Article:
In the female PE stage (FPE), the DEGs were divided into five clusters, and the DEGs in the FPE5 cluster showed similar expression profiles between Ar and In and between Ko and Es, which were species pairs with similar vaginal appendix lengths. However, the FPE5 cluster contained only seven genes (Fig. 3a). The expression profiles of the DEGs in the other clusters did not show similar expression between Ar and In or between Ko and Es. In the female PL stage (FPL), DEGs were divided into five clusters, and the DEGs in the FPL1 cluster showed similar expression between Ar and In, and between Ko and Es, and the DEGs in the FPL5 cluster showed similar expression profiles between Ko and Es (Fig. 3b).
We assume that the DEGs in the clusters with similar expression profiles between two species with similar genital lengths, Ar and In (long) and Ko and Es (short), are potentially involved in the development of genital parts with different lengths among species. The MPL8 and FPL1 clusters showed this long vs. short genital pattern, and these were included in the search for genes involved in the genital differences.
Gene clusters potentially related to genital morphogenesis and interspecific genital size differences
We performed GO enrichment analyses to identify clusters enriched with functions related to genital development and thus potentially related to interspecific genital size differences. We assumed that genes involved in “imaginal disc development” and “cuticle development” were involved in genital development (see Materials and Methods). In the male clusters, MPE2, MPE4, and MPL4 were enriched with GO terms for imaginal disc development, and the MPL4 cluster was also enriched with GO terms for cuticle development (Table 2). The FPL1 cluster was enriched with GO terms for imaginal disc development and cuticle development in the female clusters. We also determined which clusters contained genes involved in genital development (see Material and Methods). In the male clusters, MPE2 contained Abdominal-B (Abd-B). In the female clusters, FPE2 contained doublesex (dsx), and FPL1 contained Abd-B.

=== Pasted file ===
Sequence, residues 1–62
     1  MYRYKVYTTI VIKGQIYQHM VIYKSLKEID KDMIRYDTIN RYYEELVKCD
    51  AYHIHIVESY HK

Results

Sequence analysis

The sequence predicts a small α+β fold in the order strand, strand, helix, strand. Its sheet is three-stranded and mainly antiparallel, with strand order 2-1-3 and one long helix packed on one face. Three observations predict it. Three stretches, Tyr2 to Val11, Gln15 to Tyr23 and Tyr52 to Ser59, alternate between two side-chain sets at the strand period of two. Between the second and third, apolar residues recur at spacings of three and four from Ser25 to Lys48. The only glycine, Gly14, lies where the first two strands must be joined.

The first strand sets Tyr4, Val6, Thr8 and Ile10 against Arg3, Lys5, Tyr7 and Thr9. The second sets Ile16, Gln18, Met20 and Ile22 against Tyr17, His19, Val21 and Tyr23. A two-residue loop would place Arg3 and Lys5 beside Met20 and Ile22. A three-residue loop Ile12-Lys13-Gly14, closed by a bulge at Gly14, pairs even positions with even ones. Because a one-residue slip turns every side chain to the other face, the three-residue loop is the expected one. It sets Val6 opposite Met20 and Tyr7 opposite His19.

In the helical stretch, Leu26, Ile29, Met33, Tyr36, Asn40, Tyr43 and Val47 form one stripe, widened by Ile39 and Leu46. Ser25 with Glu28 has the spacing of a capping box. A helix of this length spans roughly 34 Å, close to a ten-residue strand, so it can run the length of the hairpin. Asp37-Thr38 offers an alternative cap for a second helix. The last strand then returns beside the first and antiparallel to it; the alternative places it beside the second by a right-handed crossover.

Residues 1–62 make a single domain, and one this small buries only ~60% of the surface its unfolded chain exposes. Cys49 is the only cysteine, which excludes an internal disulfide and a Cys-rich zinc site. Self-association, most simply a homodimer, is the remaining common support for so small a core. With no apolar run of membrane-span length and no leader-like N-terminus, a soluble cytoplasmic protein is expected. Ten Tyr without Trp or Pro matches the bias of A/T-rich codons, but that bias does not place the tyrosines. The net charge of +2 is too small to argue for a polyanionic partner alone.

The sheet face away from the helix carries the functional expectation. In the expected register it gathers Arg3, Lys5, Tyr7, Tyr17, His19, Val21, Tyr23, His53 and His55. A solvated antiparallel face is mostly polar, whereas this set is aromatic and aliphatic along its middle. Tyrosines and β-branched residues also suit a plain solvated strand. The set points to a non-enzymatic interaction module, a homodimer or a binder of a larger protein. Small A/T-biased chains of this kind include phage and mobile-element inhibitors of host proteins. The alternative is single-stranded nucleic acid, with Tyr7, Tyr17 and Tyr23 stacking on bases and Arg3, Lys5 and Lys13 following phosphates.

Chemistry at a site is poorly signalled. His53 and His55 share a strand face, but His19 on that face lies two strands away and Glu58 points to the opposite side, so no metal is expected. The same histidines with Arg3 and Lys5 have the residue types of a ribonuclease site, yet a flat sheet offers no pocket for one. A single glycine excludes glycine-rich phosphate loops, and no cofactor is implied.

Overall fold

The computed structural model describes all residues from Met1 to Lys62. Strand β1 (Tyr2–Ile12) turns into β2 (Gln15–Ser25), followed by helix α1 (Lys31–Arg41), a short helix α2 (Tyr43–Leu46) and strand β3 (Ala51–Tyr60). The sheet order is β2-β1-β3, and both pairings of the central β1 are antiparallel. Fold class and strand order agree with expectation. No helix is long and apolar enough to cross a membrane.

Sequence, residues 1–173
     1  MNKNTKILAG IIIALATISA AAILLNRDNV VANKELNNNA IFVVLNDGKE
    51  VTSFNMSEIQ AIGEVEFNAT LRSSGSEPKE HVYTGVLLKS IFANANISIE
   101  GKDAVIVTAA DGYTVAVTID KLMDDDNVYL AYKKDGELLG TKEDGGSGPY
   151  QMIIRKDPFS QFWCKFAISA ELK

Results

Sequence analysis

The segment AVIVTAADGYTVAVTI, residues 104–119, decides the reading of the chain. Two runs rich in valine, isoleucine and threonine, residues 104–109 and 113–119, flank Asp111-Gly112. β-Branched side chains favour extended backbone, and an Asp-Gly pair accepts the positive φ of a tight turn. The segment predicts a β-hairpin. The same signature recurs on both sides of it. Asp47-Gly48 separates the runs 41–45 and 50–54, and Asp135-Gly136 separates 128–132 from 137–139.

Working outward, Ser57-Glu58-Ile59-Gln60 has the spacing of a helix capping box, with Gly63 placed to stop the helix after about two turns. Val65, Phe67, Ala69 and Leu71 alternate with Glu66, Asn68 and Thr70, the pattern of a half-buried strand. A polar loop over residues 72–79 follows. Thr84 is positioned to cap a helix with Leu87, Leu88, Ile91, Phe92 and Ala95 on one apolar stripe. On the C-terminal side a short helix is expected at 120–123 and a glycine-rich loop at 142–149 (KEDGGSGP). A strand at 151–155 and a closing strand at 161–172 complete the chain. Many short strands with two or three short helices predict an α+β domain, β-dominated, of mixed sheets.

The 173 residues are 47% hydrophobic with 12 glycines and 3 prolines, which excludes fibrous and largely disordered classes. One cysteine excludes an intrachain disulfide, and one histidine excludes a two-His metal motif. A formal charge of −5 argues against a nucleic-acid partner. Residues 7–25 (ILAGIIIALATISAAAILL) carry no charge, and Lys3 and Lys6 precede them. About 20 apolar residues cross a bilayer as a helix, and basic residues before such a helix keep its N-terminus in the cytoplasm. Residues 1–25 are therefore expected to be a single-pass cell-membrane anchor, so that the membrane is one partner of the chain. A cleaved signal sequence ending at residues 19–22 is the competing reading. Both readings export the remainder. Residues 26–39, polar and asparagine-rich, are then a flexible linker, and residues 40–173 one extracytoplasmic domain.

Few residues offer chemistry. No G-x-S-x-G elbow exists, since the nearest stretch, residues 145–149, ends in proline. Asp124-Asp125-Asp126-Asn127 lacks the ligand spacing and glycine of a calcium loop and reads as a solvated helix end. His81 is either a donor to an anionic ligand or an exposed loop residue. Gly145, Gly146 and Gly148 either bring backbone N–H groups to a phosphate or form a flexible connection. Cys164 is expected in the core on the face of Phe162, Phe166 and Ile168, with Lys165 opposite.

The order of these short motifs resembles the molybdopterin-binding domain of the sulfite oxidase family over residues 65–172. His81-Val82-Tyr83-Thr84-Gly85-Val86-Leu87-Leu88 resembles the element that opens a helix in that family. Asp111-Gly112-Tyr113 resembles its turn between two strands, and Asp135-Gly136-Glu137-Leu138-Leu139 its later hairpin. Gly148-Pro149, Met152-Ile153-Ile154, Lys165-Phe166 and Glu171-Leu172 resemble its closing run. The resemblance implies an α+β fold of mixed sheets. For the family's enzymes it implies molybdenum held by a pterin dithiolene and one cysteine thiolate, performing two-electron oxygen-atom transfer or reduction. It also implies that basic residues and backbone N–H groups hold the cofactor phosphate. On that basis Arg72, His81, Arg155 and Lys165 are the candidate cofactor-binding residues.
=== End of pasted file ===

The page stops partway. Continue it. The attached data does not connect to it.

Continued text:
Thus, we selected MPE2, MPE4, MPL4, FPE2, and FPL1 as the candidate gene clusters for genital morphogenesis. Of these, MPE2, MPE4, and FPE2 did not show similar gene expression profiles between species with similar genital lengths, and hence these might not be related to the genital differences. Therefore, MPE2, MPE4, and FPE2 were excluded from the following analyses. The remaining MPL4 and FPL1 male and female candidate gene clusters shared 105 genes, which accounted for 41.5% of genes in MPL4.
DEGs involved in interspecific differences in genital size